I took his hand from my shoulder and held it. "That'll work." I looked at him, and as often happened I lost my train of thought for a moment. There in the gathering darkness, with Aaron's own thoughts wherever they took him, I saw the guy I loved, and he was becoming the man I'd love forever. In profile, he seemed determined, and in that determination I found something that seemed spectacular to me. Aaron Castle was what he was, and unapologetic about that, just like me. Aaron's talents tended toward the artistic while I was mechanically inclined, but we shared vivid imaginations. While I danced to unheard Cossack folk music, Aaron found an Egyptian Love Cock in old driftwood, and in our differences we were alike. Aaron ordinarily seemed delicate, but he could swim like a fish, water ski with the best of them, and he'd join in whatever was going on, unafraid. Yet I was the gentler of the two of us when we were together, and that was because I liked being that way, not for any fear of hurting Aaron. We just worked off each other like that. It wasn't like we were trying for effect. We'd been like that since we first met, and only fate could change things.
Walking across the sand with Aaron like we were gave me a feeling of pride. We were tough guys in our own ways. I was bigger and stronger physically, but Aaron had a mental toughness that would be hard for anyone to crack.
I smiled and leaned against him just enough to make him break stride.
"What?" he asked, smiling curiously.
I smiled, "I love you is what." My eyes suddenly teared up and I added, "I admire you too,
Aaron seemed surprised, but took my hand and tugged me along. We'd gone a way before he said, "I feel like a man with you, Ev." He let go of my hand, punched my arm lightly and said," Last one back is a fag!" He pushed me off to the side and took off running.
I put my hand up and said, "Nobody gets away from Evan Smiley!" and tripped on a weed after only two steps. "Oof!"
I was on my face for a few seconds, and Aaron came back. He snickered, "I was hoping you'd catch me. You okay?"
He had my hand and helped me up.
"Yeah," I said. "I fell over."
"Over what?" he asked, looking around.
"Over you!" I cried, pushing into his knees. He fell on his butt right in the spoon of a departing wave, and made a little splash. His surprise turned into a smile, and he said, "You wait," while I helped him up.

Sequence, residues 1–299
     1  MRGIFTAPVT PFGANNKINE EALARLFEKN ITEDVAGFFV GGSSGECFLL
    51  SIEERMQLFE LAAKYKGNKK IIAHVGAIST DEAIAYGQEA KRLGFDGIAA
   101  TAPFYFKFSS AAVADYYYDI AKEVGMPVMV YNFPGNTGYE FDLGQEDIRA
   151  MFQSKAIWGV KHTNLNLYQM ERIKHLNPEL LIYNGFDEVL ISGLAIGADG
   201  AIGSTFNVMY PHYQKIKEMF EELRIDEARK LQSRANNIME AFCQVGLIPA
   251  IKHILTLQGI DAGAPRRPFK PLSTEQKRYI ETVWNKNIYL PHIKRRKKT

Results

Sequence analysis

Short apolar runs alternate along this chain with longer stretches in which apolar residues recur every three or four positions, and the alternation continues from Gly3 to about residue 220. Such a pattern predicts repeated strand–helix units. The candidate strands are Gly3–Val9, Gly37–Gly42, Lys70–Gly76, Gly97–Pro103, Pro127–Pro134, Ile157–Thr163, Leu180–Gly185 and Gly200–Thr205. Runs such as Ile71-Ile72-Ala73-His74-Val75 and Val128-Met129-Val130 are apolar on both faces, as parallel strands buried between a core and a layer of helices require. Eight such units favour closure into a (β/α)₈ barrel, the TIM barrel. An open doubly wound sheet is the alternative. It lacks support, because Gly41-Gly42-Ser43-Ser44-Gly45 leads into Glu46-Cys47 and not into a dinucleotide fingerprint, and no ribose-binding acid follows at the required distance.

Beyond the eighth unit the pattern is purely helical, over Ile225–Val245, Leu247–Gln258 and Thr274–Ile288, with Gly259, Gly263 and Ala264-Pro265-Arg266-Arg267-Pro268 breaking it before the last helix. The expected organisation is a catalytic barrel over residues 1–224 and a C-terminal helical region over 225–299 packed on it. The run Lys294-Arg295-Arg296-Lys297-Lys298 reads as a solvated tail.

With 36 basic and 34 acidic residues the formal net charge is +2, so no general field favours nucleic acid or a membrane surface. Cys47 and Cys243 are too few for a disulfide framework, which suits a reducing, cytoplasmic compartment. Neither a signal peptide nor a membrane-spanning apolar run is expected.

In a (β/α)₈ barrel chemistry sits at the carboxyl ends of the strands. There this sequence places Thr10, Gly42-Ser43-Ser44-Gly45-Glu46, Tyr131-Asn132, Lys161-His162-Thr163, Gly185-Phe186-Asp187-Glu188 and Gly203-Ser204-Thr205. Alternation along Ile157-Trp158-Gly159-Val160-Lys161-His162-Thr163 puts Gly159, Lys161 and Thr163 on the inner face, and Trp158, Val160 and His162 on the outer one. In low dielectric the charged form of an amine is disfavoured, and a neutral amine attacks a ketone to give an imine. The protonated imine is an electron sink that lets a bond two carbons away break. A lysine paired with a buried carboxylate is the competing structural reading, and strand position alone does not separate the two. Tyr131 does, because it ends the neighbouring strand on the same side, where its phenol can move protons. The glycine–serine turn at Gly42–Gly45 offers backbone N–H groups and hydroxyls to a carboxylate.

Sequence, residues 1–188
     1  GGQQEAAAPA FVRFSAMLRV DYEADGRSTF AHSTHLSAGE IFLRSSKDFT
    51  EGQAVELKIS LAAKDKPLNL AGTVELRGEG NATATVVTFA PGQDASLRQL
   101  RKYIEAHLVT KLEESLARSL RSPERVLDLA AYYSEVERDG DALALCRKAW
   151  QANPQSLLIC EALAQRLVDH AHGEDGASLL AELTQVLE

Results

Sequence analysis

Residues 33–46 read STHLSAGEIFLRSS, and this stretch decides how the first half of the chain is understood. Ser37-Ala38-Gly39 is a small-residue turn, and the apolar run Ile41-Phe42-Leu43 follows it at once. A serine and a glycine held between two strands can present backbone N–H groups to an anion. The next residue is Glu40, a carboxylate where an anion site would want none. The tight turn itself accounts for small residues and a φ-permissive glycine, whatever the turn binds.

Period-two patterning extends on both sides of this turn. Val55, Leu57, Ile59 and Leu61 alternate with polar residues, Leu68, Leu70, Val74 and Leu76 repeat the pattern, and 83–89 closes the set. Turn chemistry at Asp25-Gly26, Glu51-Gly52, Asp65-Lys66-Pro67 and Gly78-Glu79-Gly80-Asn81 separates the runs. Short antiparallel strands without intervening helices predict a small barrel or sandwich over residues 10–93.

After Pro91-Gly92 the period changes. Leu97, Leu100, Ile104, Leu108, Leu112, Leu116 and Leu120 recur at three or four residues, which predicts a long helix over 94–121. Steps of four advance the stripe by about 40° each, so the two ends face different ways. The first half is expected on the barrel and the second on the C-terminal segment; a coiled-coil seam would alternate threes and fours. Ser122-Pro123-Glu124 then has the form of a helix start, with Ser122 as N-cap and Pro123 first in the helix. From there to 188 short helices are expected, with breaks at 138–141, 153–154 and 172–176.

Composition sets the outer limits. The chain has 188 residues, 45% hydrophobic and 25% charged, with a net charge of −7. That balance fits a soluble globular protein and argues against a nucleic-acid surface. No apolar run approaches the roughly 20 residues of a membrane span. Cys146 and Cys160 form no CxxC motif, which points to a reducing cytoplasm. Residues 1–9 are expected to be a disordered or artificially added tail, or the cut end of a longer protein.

He tried to look around at his backside, and finally asked me, "Is my ass all sand?"
I looked. "Not on the outside. It's just wet." I smirked, "If it's sand on the inside, I'll just have to call you SA instead of Aaron."
"SA?" he asked suspiciously.
"Yeh. Sandpaper Ass." He glowered at me and I said, "If you don't mind me saying, that would be one Hell of a condition for a gay boy."
Aaron made a loud noise and took a swing at me, but he was laughing by the time I grabbed his threatening wrist.
I smiled at him, and we walked on in silence. We were turning to the parking lot when Aaron said, "Um, Ev ..."
I lifted my eyebrows and smiled in response.
Aaron looked away, "It wouldn't matter, would it? I mean ... well, we talked about all that ... the ..."
I knew what Aaron was getting at. We'd talked about anal sex, and for the time being at least, neither of us were the least bit interested. But even a joke, or a flip remark like mine, would act as something like a checkpoint for us, where we'd both rethink our positions.
We were both relieved to learn that nothing had changed, and our sex life was still in the novice stage.
Novices can still have fun, and novice love might even be more fun than the advanced stages. Probably not, but we were still pretty much in the discovery stage, and everything we did was fun. Not really, but everything we kept doing was fun, and we had a fun night out on my porch.
It was hot and we were sweaty, and we got sand between the sheets because we hadn't showered. We had fun though. Giddy, loving fun, and it lasted until sleep took over, and even then I had happy dreams.